I don’t think it’s much of a stretch to say that video games tend to be a form of escapism for most people, myself included. And it’s not that I have a bad life that I need to escape from, but we all need a little time off from the real world now and again, and video games allow that to happen. Whether you’re fighting off a Reaper invasion, waging small scale war with 16 people culled from the internet, or smashing blocks and hopping on Goomba’s in the Mushroom Kingdom, video games provide a certain escape that’s not really achievable in other mediums.
But I’m not sure that I’ve played a game like Papo & Yo before, which is as much about escape as it is about healing. The game deals with some heady issues, and while it’s not overt in exactly what those issues might be, at least not until its final act, you’ll be able to pick up on the dire situation the boy protagonist of the game is in early on. In fact, the game’s creator, Vander Cabellero, starts the game off with a small text message that relays to the player that he grew up in a similar situation to the boy featured here, which lends just a bit more weight to everything that’s coming.
The gameplay of Papo & Yo puts you in control of a small boy, running through a fantasized version of Columbian favelas, solving puzzles and overcoming obstacles in order to chase down a young girl that seems to know a little more than you do about what’s going on. The boy isn’t alone in this adventure though, and is often accompanied by a large, flesh colored monster, that does little more than sleep and eat. You can’t control the monster directly, but can often persuade it to follow you around if you’re holding food, and you’ll occasionally use the monster to reach heights that are out of reach.
The monster also has a problem. An addiction to small, green, poisonous frogs that’ll occasionally pour out of sewer pipes scattered about the stages. When the monster is near one, he’ll immediately beeline towards it, ignoring any other promises of food given by the boy. Upon consuming a frog, the monster goes into a fiery rage, literally. When this occurs, the monster will then do nothing but seek out the boy and try to harm him, and while you can’t necessarily be killed in Papo & Yo, the monster will become a constant source of aggravation for the player as he’ll toss you around violently if he lays hands on you.
You can only calm the monster down by finding a piece of blue, rotten fruit, which will subdue the monster and transform him back into his more docile state. As you might have guessed, the game incorporates a number of puzzles that involve manipulating these two states to proceed, providing the player with some harrowing moments of danger and escalation that manages to drive the point home that the developer is trying to express.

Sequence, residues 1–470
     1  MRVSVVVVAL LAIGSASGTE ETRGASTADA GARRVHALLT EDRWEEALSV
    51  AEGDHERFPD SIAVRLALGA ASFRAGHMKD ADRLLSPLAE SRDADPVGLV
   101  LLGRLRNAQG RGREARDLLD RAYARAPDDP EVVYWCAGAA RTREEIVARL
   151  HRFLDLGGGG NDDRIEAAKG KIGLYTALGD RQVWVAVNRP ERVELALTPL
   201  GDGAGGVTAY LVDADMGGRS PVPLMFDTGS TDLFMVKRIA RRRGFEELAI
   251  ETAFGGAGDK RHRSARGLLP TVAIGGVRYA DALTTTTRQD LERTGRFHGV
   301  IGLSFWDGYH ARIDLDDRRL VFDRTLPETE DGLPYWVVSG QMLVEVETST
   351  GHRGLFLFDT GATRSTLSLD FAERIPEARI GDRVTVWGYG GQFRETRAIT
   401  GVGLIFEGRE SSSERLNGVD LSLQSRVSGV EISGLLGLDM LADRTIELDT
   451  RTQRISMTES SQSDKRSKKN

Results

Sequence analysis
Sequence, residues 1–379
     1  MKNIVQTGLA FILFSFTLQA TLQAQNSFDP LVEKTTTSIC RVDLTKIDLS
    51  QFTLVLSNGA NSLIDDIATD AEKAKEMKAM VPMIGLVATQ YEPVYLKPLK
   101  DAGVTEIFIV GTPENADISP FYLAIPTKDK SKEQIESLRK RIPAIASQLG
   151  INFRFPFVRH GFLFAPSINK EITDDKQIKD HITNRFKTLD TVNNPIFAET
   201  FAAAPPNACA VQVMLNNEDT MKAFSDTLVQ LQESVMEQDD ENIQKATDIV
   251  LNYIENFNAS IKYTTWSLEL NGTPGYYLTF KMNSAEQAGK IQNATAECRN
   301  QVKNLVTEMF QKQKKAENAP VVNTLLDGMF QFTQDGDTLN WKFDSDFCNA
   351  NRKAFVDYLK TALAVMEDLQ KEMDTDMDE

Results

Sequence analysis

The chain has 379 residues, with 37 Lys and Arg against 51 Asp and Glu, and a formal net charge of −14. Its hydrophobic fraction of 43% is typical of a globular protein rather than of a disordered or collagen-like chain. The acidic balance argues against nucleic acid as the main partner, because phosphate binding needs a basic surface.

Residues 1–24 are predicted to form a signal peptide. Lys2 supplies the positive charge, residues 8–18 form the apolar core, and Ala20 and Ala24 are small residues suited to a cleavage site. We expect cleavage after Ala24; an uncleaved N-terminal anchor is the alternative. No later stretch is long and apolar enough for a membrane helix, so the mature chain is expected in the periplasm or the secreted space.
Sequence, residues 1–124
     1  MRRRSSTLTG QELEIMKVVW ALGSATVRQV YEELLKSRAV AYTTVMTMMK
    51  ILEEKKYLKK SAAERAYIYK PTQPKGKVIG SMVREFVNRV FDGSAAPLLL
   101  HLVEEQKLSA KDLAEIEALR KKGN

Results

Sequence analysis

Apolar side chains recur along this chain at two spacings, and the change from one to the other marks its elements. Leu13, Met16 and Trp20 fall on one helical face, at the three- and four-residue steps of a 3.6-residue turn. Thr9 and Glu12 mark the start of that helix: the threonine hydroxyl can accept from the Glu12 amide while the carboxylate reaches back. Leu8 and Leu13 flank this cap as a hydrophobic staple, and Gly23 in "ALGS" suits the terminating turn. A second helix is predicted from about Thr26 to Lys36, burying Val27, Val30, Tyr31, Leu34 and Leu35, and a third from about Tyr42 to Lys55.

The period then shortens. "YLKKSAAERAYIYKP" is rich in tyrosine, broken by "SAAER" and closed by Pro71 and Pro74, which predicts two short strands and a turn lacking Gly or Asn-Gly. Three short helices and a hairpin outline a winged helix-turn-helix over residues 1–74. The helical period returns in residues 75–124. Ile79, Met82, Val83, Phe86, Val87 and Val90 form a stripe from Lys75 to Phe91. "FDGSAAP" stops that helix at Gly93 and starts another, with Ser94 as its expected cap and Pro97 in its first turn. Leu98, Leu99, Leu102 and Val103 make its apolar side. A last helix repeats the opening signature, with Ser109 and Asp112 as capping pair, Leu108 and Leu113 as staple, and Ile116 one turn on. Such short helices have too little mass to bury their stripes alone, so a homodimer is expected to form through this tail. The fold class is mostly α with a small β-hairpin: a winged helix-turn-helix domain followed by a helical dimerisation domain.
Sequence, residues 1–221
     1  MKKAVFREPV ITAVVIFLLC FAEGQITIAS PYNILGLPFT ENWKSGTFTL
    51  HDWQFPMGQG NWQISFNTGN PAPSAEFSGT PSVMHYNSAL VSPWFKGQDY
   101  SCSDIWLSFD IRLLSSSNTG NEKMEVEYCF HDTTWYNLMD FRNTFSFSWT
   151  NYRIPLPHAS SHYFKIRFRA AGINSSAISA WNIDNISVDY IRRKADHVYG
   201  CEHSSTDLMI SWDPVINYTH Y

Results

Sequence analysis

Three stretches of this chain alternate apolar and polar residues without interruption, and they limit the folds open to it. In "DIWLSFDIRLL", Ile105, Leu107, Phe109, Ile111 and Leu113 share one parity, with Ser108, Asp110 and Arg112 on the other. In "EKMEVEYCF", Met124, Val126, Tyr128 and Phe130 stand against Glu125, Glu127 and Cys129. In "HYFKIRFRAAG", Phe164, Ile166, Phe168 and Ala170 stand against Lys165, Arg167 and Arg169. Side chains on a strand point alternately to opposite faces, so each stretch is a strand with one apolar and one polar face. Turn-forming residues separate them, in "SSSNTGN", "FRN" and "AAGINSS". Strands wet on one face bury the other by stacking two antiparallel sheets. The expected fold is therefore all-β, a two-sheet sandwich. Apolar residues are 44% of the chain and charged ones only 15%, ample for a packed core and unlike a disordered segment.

However, while I definitely applaud the method of the storytelling featured in Papo & Yo, and the personal message by displayed by the developer, it’s unfortunately not a very polished experience for the player. There are a fair number of technical hiccups that present themselves on a frequent basis, like severe drops in framerate and screen tearing anytime you start to move the camera around quickly. And while the character movement is easy, and the platforming is never so hard as to be frustrating, other small things like picking up objects can be a little hit or miss. There’s a section where I needed to quickly pick up and eliminate frogs before monster could get a hold of them, and it had me nearly pulling out my hair due to the boy’s inability to grab hold of one of the little creatures, regardless of how many times I’d press the square button on the controller.
Other things about the game just look a little sloppy, like the constant clipping of your character and the monster through objects in environment. There’s a lot of stationary stuff on the ground, like soccer balls that are meant to add flavor to the world around you, but you’ll move right through them like a ghost. The same can be said of corners and some larger objects, which just looks bad for a modern game. And the texture work, that of the monster in particular, tends to look like it got stuck loading in, making everything feel a little flat and plain.
The puzzles, another core mechanic in the game, are thankfully interesting. And they never felt broken or unachievable, and while a few would have me scratching my head, I never really got stuck. Papo & Yo also contains a number of optional hint boxes scattered about the worlds that will clue you in on what to do, but never give you a list of instructions, still allowing the player to mostly figure it out on their own.
And the manipulation of the world around you looks great, even if the graphics aren’t that inspiring. Manipulating small boxes in order to move entire houses is pretty wild, and then using those houses to construct an entire bridge that you can then manipulate like an abstract snake feels very unique.
Still, it’s hard to get over the technical issues the game has, and it’s also not a game that I can see myself playing through again now that the message has been delivered. There’s some replay value to the game in the form of the trophy list, but once you’ve seen the story, there’s little reason to revisit the world. And while polishing the game up a bit more would do little to impact the replay value, it would certainly have provided a more lasting memory than what Papo & Yo currently delivers, which is a shame because otherwise it’s a game that is definitely worth experiencing.
PlayStation Network Card - $10